In a Dec. 1 report, the National Onion Association provided an estimate of “marketable” storage onions, noting that this is the point in the season when estimates change from gross field run figures that were derived from harvest to current appraisals of storage onions that will move into the pipeline during the remainder of the shipping season.
Stocks at this point are between 12 and 13 percent lower than YTD 2014, when inventories were described as “unusually high.” In its report, the NOA said that “… this is favorable and manageable positioning when compared to 2011-14 estimates noted on the accompanying 50# volume totals.”
Moreover, quality is generally good, the report said, with many lots described as “excellent.” There are reports of above-average shrink in more lots than normal, however.
“A number of marketers suggest demand is sluggish, which may be more of a reflection of some anxiousness on the part of those pushing movement from lots with a few issues, rather than ‘real resistance’ to pricing levels, or any slowdown in consumer eating habits,” the report added.
By region, in the East, movement is said to be steady, price holding but “prevalent feelings expect improved prices are warranted and should occur sooner rather than later.”
The nation’s Midsection has a “particularly nice crop in storage across the region,” and “ambitions to improve pricing is the current challenge as softer marketing from competing production areas is noted.”
In the West, a hot summer “influenced most of the Northwest crop to a greater extent as compared to normal. While a large proportion of the crop throughout the region is of very good to excellent quality and sizing, there are more lots than usual with variability in play. Inventories are certainly manageable and should support firming prices; most feel the question is when, rather than if, such will occur.”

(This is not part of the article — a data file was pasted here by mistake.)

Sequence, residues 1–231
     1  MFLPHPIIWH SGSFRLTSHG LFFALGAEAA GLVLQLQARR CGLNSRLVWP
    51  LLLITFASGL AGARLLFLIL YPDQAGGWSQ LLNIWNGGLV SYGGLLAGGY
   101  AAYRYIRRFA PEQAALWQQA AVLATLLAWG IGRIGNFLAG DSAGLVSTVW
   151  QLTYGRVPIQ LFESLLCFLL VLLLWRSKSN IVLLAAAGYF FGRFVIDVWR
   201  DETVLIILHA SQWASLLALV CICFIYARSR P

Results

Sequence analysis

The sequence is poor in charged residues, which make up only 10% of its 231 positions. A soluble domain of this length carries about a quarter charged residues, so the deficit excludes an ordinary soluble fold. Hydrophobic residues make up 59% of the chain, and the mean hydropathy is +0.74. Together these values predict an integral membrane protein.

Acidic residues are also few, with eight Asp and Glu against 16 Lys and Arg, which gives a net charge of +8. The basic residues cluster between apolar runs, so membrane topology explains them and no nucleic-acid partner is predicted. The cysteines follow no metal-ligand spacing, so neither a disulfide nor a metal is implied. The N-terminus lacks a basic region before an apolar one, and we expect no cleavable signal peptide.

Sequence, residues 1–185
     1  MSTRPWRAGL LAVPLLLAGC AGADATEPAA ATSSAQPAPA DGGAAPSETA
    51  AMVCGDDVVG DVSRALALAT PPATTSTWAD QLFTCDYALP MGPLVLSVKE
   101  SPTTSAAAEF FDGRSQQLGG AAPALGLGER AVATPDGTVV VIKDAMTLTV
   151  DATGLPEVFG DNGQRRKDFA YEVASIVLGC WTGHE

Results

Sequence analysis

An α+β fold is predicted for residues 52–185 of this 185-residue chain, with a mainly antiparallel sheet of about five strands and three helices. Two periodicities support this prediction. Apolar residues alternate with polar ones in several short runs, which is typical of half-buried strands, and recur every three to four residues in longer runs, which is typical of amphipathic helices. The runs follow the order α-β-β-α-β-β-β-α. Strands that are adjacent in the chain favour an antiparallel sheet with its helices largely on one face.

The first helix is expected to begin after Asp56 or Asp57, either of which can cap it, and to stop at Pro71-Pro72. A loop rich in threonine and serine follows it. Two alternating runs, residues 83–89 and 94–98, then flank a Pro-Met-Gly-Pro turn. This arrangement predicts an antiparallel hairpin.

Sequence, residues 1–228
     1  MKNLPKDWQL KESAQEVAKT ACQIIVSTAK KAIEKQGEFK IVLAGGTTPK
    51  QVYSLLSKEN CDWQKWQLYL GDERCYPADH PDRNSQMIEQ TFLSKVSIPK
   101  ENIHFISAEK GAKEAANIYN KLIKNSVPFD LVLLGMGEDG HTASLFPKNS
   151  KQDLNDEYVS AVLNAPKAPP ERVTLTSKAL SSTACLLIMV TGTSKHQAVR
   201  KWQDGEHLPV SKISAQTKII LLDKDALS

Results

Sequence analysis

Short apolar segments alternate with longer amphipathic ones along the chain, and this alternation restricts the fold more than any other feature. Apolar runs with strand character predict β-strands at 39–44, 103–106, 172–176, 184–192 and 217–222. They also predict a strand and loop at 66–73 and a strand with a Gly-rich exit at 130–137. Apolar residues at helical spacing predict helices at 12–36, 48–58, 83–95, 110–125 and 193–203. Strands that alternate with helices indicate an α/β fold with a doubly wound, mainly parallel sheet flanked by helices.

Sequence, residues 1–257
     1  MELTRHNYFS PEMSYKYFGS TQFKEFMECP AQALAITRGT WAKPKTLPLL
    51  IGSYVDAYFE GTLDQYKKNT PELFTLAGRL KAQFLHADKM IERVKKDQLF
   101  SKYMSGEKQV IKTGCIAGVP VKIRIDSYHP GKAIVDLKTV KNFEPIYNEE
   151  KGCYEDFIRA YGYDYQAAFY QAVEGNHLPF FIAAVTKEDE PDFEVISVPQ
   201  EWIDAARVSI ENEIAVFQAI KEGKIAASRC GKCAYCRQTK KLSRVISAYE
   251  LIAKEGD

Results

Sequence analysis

Canadian inventories are similar to last year’s, quality good to very good, active movement to NE noted.
From Mexico, there have been a “few mixed signals regarding acreage; most agree it is similar to recent seasonal norms.” Recent weather said to be favorable for good crop growth.
In South Texas, the crop is in the ground after heavy rains interrupted sequencing on portions of the crop. Overall acreage down an estimated 20 percent.
Georgia is active in transplanting with good weather conditions. “Too early to evaluate comparative acreage as plantings will continue for an extended period into January of next year.”
California news from Imperial Valley, Coachella and SJV is that the desert valleys have planted and acreage is similar with crop seasonally normal. “San Joaquin Valley growers creatively adapting to continuing irrigation water shortages; a strong El Niño effect with real prospects of improved precipitation and snowpack encourages producers.” There’s also a favorable crop start for the “overwinter” plantings.
Arizona has a limited production area. The crop is in the ground and “off to a good start.”
With New Mexico, the NOA reports it is “too early to evaluate overall acreage levels of the three distinct cropping segments utilized in the area (i.e., direct seed overwinters, transplants, direct seed spring planted); intentions indicate similar plantings and crop potential.”